Westbrook and Patterson's 1989 study projected that the difference between the EPA's combined fuel economy rating and actual on-road fuel economy would rise above 29.7 percent by 2010.

The National Research Council's recent report stated that most drivers experience lower fuel economy than suggested by EPA's results. Furthermore, it noted that a review of the validity of the test cycles for today's patterns would be appropriate.

Bluewater believes that EPA should revise its on-road fuel economy adjustment factor and NHTSA should use the revised fuel economy values in Start Printed Page 59235its reports because that data would relay to consumers and to Congress a more accurate reflection of today's driving conditions and the in-use fuel economy.

Agency's Analysis

Under 49 U.S.C. 32904 and 32908, EPA is statutorily responsible for conducting fuel economy testing and calculating vehicle fuel economy, determining manufacturers' CAFE performances, and developing fuel economy data to be provided to consumers. Therefore, NHTSA simply does not have the statutory authority to grant the relief sought by the Bluewater petition. EPA is currently reviewing the petition and will address these issues separately.

After analyzing Bluewater's petition, the agency has concluded that it should not change the information it presents in its annual report on the CAFE program. NHTSA is statutorily required to base its CAFE calculations on the data supplied by EPA, resulting from these test procedures. Given that a primary purpose of the annual report is to provide information on the status of manufacturers' compliance with the CAFE standards, we believe that presenting the CAFE values as they are calculated for compliance purposes is the appropriate manner in which to present fuel economy data in the annual report. The report is not intended for consumer information purposes, and the agency is no longer required to submit the report to Congress. Finally, we note the agency's most recent update of the report includes a discussion that thoroughly explains the differences between EPA fuel economy values, on-road values, and the CAFE compliance values.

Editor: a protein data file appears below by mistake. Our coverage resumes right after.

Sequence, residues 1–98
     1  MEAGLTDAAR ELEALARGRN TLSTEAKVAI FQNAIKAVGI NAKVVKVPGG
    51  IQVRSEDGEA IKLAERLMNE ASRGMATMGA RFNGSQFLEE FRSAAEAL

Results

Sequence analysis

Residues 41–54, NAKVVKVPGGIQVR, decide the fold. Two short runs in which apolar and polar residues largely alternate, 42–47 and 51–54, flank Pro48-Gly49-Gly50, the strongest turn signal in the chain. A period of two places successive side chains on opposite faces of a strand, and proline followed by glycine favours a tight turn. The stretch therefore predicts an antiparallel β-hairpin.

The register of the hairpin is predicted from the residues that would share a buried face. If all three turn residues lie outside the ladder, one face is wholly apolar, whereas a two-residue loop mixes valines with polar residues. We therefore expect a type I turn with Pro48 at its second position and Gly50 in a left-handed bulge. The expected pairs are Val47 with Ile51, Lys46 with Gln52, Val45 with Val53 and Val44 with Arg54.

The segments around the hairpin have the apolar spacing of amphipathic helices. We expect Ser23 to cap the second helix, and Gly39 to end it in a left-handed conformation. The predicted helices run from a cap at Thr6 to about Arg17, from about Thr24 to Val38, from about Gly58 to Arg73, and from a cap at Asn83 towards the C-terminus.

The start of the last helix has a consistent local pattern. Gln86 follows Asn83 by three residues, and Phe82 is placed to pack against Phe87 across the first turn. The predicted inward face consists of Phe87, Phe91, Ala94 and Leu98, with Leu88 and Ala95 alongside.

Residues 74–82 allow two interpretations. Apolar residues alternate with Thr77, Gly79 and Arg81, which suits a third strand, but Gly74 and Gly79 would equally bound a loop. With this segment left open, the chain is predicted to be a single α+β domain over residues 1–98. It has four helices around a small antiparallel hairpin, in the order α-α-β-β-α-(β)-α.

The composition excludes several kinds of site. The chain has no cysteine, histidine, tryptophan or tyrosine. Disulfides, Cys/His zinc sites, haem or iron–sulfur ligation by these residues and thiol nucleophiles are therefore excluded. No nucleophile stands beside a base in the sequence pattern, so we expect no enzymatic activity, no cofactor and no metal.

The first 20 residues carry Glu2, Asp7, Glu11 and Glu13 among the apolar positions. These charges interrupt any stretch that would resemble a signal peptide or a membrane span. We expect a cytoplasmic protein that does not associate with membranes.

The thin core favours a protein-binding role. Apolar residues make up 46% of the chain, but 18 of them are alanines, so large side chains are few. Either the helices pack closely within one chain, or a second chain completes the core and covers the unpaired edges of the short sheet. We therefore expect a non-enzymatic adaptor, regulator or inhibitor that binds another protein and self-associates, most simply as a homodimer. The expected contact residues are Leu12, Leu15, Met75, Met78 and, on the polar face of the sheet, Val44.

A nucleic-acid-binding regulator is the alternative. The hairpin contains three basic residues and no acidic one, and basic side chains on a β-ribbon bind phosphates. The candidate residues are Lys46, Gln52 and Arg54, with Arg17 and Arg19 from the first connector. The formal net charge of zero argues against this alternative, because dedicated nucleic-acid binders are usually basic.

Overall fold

In light of the above considerations, the agency has reviewed the petition and concluded that it should not be granted. Accordingly, we deny Bluewater's petition. We note that this denial does not affect EPA's response to the petition.

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Issued on: October 8, 2003.

Stephen R. Kratzke,

Associate Administrator for Rulemaking.

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Footnotes

1.  Mintz, Marianne, Anant D. Vyas, and Lester A. Conley, “Differences Between EPA-Test and In-Use Fuel Economy: Are the Correction Factors Correct?” Transportation Research Record 1416 (1993), 124-130; EPA. Passenger Car Fuel Economy: EPA and Road.

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2.  EIA. Assumptions to the Annual Energy Outlook 2000 with Projections to 2020: Transportation Demand Module. DOE/EIA-0554. January 2000.

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3.  Westbrook, Fred and Patterson, Phil. “Changing Driving Patterns and Their Effect on Fuel Economy.” Presented at the 1989 SAE Government/Industry Meeting, Washington, DC. May 1989.

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4.  National Research Council. Effectiveness and Impact of Corporate Average Fuel Economy (CAFE) Standards. July 2001.

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[FR Doc. 03-25959 Filed 10-10-03; 8:45 am]

BILLING CODE 4910-59-P